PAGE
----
“For more than 60 years, FootJoy has been the leading golf shoe on the PGA tour. This proves, when given a choice, the best golfers in the world choose the best golf shoes in the world.” This is how Footjoy describes themselves on their website. However, despite the cachet in the golf industry they’ve earned themselves over the past six decades, the brand was starting to become stale, the website was becoming outdated, and the homepage was doing a poor job of getting users shopping as quickly as possible.
Footjoy’s goal in hiring us to design and develop their new homepage was to improve overall user experience, give users more opportunities to shop, create more real visual estate for tantalizing visuals, and to elevate the look and feel of the brand.
Our primary goals in redesigning the site were to better the user experience, make the website more shoppable and make it more visually engaging. Here are some quick highlights on how we were able to accomplish this goal:
We created an easy way for customers to add products to their cart via hotspots that Footjoy could add to any image throughout the homepage.
We created a new section on the homepage to highlight the Footjoy-sponsored athletes on the PGA tour. These also used the hotspots we created so customers could easily purchase the products that their favorite athletes wear.
To really highlight products with lifestyle images we created a full-page vertical slider that introduces users to the brand and website.
We redesigned the site navigation with a multi-level mega menu. Included in this were shoppable product blocks in each dropdown, a mobile version that makes it easy to drill down into your desired site section, and an easy way to filter the menu by gender / weather.
As with all projects at Voltage, I was the Director of Design and led the effort to revamp the UI/UX and visual design. I was involved in this project from the beginning, briefing the designers on my team, strategizing homepage functionality, wireframing the desired content of the homepage, and assessing how well each design iteration met the clients’ goals. I also restructured the navigation and created user journeys / paths to purchase from the homepage and navigation.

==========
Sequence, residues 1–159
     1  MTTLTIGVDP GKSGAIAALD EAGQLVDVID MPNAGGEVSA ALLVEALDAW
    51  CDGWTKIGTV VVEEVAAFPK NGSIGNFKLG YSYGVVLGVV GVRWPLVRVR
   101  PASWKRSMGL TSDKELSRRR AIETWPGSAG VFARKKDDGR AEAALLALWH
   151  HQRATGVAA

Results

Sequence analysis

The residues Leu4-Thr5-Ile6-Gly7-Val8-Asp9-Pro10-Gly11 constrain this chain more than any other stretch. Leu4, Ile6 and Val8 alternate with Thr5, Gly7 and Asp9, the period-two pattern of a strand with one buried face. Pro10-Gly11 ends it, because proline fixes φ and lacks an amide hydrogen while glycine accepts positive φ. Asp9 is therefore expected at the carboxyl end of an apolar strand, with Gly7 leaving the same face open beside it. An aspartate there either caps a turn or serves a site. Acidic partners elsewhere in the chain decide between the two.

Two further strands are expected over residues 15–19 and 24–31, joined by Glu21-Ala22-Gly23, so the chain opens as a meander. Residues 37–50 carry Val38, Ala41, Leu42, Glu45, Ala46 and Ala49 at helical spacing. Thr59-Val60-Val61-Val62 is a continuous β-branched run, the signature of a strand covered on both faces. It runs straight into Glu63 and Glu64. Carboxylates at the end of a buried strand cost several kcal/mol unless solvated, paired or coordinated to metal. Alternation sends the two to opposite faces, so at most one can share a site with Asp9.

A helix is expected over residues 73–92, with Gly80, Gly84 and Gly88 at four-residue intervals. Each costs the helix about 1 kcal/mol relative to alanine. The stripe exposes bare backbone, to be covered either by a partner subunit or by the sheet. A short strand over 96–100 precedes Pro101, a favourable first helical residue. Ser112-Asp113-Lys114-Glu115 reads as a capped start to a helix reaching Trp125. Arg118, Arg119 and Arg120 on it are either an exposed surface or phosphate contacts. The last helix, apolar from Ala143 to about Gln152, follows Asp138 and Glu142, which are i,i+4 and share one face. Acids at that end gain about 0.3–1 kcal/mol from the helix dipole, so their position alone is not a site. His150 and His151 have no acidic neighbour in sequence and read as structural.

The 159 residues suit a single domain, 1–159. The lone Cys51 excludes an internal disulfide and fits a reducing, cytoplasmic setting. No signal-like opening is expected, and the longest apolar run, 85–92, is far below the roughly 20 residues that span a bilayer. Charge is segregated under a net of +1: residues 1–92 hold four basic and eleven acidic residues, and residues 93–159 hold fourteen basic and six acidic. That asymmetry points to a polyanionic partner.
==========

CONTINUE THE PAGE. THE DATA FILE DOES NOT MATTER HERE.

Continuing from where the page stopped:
I heavily involved myself in the design phase of the process by creating numerous iterations of the designs (including the one the client ended up approving), critiquing and pushing my team’s designs, and regularly presenting to the client.
I also transitioned the project to development by briefing the developers on intended functionality and animation, creating functional prototypes for how things would work in development, and creating initial styles to work with.
Since the design of this website was happening in phases and we were only explicitly working on the homepage, we had to tread lightly to ensure that the design we came up with fit well with the rest of the website while also pushing the overall site aesthetic forward in a measurable way. By taking existing brand guides and evolving them we were able to create a page that fit nicely but still elevated the brand to a new level of quality. We also redesigned and developed the navigation and footer during this project, which was applied throughout the rest of the site.
We started the project by studying the data we had on the existing Footjoy website. By using data on demographics, purchasing habits, customer preferences, etc, we were able to work with the client to refine our ideas for the homepage into a proposed list of content “stacks.” From there we created low fidelity wireframes and an updated sitemap that showed how user flows would change with our new homepage.
From the wireframe, my team and I created numerous different high-fidelity homepage designs that we used both internally and with the client to refine our desired look and feel. We all pulled from the same brand guide but were given the space to push it forward in whatever way we thought would benefit the project most. So while each new homepage matched the Footjoy brand, they were all drastically different in how they approached the goals of the site and how they interpreted the wireframes.
Naturally, one of the designs from our previous round of options rose above the rest, both internally and with the client. Using that as the base, I designed a fully interactive homepage using Sketch, Craft, and Invision. We used this to user test interactions, flesh out all of our intended functionality, get client approval, and finalize the design for the development team.
After completing and testing the interactive prototype, we began the web development. I was integral in handing off the designs to the development team. As the lead designer, I worked with the lead developer to establish success criteria and intended functionality for each component of the page. I also helped create and establish the new website style guide, icon font, and asset library.